Each breast has six to nine overlapping sections, called lobes. Within each lobe are many smaller lobules, which end in dozens of tiny bulbs that can produce milk. The lobes, lobules and bulbs are all linked by thin tubes called ducts. These ducts lead to the nipple in the center of a dark area of skin called the areola.
Fat fills the spaces around the lobules and ducts. There are no muscles in the breast, but muscles lie under each breast and cover the ribs.
Each breast also contains blood vessels and vessels that carry colorless fluid called lymph. The lymph vessels lead to small bean-shaped structures called lymph nodes. Clusters of lymph nodes are found in the axilla (under the arm), above the collarbone and in the chest. Lymph nodes are also found in many other parts of the body.
The material in the above section is taken in its entirety from the National Cancer Institute Booklet (No. 95-1556) entitled, "What you need to know about Breast Cancer." Illustrations drawn and contributed by Susan Sprangler.
Basic Facts About Breast Health:
UCSF Health medical specialists have reviewed this information. It is for educational purposes only and is not intended to replace the advice of your doctor or other health care provider. We encourage you to discuss any questions or concerns you may have with your provider.
Breast Cancer Glossary
Check out our comprehensive Glossary of Breast Cancer terminology, which includes definitions of everything from AC chemotherapy to peripheral neuropathy.
Breast Cancer Risk Factors
Click now to find a summary of the factors that increase risk for developing breast cancer, including both factors that we cannot change and those we can.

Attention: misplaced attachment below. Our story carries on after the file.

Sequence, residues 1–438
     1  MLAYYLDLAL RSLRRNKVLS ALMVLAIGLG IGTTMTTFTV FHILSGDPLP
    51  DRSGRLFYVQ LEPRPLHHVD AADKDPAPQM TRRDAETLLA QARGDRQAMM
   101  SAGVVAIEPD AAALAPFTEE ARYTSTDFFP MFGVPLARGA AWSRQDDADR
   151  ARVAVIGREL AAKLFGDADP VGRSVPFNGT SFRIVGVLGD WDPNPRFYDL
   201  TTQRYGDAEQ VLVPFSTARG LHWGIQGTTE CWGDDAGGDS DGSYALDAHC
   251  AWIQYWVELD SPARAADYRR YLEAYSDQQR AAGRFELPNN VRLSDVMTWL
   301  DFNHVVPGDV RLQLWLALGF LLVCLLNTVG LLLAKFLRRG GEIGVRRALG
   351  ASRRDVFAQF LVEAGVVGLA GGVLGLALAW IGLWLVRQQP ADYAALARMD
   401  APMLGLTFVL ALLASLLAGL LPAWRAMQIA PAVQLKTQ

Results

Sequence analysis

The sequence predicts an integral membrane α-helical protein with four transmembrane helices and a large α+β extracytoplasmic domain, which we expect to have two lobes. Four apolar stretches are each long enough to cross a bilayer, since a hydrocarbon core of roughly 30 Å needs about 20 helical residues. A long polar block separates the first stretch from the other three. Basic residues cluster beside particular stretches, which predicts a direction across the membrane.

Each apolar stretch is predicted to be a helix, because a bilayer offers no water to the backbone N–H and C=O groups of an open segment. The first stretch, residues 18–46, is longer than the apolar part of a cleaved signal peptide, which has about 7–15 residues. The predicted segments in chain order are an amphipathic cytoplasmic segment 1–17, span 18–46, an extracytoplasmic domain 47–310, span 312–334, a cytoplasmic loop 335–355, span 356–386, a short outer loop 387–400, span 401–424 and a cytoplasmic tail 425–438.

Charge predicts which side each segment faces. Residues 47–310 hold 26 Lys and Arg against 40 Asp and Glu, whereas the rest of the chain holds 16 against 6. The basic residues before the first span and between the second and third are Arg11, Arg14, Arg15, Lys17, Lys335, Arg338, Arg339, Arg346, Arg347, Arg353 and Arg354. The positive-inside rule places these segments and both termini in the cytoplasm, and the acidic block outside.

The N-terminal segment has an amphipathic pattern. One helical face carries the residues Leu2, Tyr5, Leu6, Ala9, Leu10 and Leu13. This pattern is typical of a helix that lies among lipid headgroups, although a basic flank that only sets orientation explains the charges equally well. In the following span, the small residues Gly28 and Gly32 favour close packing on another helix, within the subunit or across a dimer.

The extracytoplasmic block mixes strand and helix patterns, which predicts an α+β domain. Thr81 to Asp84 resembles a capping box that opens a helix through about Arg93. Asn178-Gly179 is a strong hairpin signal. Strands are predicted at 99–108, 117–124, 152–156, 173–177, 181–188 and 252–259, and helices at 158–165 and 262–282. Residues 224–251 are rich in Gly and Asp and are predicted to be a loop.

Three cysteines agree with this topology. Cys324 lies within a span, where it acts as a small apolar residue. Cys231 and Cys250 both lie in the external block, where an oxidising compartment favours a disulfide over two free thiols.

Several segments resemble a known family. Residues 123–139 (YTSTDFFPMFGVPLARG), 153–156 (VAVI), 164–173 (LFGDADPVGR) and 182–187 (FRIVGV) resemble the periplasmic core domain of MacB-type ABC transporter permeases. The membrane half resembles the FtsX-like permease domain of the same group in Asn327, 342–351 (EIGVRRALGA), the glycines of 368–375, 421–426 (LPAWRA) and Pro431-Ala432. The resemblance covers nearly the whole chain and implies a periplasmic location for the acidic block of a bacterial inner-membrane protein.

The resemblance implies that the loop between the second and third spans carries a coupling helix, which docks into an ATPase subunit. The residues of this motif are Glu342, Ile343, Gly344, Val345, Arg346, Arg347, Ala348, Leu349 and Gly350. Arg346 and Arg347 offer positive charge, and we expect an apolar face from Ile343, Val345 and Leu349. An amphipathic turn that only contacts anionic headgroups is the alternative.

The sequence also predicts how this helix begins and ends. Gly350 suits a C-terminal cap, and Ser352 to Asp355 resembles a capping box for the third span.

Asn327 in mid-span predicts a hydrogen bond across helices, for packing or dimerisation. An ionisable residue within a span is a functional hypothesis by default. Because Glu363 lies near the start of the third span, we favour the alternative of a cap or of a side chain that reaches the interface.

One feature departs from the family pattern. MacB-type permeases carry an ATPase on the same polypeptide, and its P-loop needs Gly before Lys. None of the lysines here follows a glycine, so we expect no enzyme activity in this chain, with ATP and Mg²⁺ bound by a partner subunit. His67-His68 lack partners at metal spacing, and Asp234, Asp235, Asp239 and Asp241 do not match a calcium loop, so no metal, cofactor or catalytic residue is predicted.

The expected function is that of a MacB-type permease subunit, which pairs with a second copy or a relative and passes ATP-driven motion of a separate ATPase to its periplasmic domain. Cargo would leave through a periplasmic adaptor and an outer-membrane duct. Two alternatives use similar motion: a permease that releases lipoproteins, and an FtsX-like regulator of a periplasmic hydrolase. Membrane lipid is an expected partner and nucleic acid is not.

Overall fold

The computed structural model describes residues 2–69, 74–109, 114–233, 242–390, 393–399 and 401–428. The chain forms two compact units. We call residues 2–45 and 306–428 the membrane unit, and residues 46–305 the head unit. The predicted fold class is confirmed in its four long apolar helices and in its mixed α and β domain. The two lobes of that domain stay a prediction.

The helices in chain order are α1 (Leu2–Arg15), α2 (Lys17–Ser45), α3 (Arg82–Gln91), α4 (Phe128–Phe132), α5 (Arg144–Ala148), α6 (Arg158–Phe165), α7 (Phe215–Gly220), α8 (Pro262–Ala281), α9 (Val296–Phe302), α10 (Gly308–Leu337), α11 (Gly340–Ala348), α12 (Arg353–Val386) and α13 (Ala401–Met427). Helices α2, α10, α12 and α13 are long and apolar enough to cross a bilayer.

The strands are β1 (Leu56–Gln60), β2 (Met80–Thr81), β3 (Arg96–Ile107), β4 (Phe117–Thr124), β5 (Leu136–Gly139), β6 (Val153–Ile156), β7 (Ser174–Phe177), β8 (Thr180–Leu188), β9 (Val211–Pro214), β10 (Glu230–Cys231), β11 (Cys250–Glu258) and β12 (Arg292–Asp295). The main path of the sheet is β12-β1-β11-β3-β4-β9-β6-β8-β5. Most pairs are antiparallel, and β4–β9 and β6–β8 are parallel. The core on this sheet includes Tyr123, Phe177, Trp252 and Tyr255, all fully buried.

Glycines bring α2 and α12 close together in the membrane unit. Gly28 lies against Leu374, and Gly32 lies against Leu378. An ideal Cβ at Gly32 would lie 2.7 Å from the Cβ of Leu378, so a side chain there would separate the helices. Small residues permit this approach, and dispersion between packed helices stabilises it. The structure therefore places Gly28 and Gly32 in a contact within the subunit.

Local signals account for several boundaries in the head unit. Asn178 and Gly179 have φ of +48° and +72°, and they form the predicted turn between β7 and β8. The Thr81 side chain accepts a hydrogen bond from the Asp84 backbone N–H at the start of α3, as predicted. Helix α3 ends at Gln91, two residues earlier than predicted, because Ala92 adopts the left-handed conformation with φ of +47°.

Self-Care and Recovery
Self-Care and recovery resources including an Introduction to Lifestyle Change, Nutrition and Breast Cancer, Hydration: Water and Health, Meditation and more.
Breast reconstruction, surgery to rebuild a breast's shape, is often an option after mastectomy and is covered by some health insurance plans. Learn more now.
Follow-Up Care for Breast Cancer Patients
After patients have completed treatment for early stage breast cancer, one of the common questions is, "How should I best be monitored?" Learn more here.
Mastectomy: Instructions Before Surgery
The following information will help you prepare for your upcoming Mastectomy surgery. If you have any questions, please contact the Breast Care Center staff.
Mastectomy: Instructions After Surgery
Post Mastectomy surgery instructions including, pain management, incision and dressing care, activity, diet, follow-up care and more.
Menopause and Breast Cancer
Breast cancer treatment often causes women to enter menopause prematurely. Although each woman reacts to therapy individually, certain side effects are common.
Navigating Your Path to Breast Care
Different services and information are needed at different points in breast health care and breast cancer treatment. Learn more here.
Osteoporosis and Breast Cancer
Women who have had breast cancer or are considered at high risk for developing breast cancer are at risk for developing osteoporosis. Learn more.
Breast Care at Greenbrae
1100 S. Eliseo Dr., Suite 1
Greenbrae, CA 94904
Carol Franc Buck Breast Care Center
Bakar Precision Cancer Medicine Building
1825 Fourth St., Third Floor
San Francisco, CA 94158